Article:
Did the corporation issue stock to the shareholders
Whether the corporation conducts all of its business in the corporate name
Did the corporation engage in transactions with shareholders that were not at arms length
Have the shareholders placed any of the corporate assets on their personal financial statements given to third parties
Was the corporation used as an instrumentality or agent of the shareholders
Would there be an inequitable result if the corporate veil is used as a defense

Since corporate minutes are a first line of defense, they should include resolutions regarding the following:

Approval of large contracts
Compensation of officers
Acquisition or sale of significant assets
Designation of banking institutions
Approval of guarantees
Declarations of dividends
Approval of loans
Adoption of employee benefit plans
Authorization to sign documents and checks

While limited liability companies are not required to maintain the same formalities as corporations and the law on the subject is less clear, the veil of protection afforded by the creation of LLCs can still be pierced by a court if the two elements described above are satisfied.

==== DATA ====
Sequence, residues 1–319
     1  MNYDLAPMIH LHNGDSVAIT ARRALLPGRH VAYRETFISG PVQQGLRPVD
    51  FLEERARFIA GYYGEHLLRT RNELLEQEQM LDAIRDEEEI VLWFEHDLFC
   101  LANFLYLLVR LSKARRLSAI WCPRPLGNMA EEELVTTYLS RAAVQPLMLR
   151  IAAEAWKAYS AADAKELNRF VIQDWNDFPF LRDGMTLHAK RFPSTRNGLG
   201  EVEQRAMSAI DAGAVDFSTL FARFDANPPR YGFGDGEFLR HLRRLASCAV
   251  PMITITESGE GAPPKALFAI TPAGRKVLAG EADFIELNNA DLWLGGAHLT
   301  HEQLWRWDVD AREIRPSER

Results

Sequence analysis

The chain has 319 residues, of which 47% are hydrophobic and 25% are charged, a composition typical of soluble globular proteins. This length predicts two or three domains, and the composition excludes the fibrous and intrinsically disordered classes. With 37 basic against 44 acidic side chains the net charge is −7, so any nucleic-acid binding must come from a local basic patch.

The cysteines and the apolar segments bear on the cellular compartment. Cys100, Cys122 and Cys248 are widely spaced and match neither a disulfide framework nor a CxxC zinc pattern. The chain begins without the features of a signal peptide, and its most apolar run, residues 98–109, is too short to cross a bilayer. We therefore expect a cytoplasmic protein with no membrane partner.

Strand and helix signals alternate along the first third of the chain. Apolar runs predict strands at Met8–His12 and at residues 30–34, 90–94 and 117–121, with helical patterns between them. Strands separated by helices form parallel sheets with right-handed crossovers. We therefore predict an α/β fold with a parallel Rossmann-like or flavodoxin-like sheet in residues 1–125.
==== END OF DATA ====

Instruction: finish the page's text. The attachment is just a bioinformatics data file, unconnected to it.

In summation, alter ego is a well accepted principle in California. In developing the alter ego doctrine, California courts have balanced two competing considerations. On the one hand, they recognize that the law permits the incorporation of businesses for the purpose of isolating liabilities among separate entities. Since society recognizes the benefits of allowing persons and organizations to limit their business risks through incorporation, sound public policy dictates that disregard of those separate corporate entities be approached with caution. On the other hand, they have also emphasized that it would be unjust to permit those who control companies to assert their separateness in order to commit frauds and other misdeeds with impunity.

Closely related to the alter ego doctrine is the doctrine of joint enterprise liability or enterprise liability. While piercing the corporate veil provides a mechanism for holding a shareholder (person or entity) liable for the debts of the corporation, joint enterprise liability provides a mechanism for holding a non-shareholder liable for the debts of a corporation.

A joint enterprise is defined as an enterprise created by two or more persons or entities, by express or implied agreement, that have a common purpose and equal rights of control.

In order for a court to determine that joint enterprise liability exists, two elements must be established:

First, there must be such a unity of interest between the two (or more) entities that their separate existence has de facto ceased, and secondly, that treating the two entities as separate would promote an injustice. Whether you represent a plaintiff or defendant, please contact us if you are in need of an Alter Ego Expert Witness.

Permission to reprint this article is granted provided Michael T. Chulak & Associates ( is credited as the source.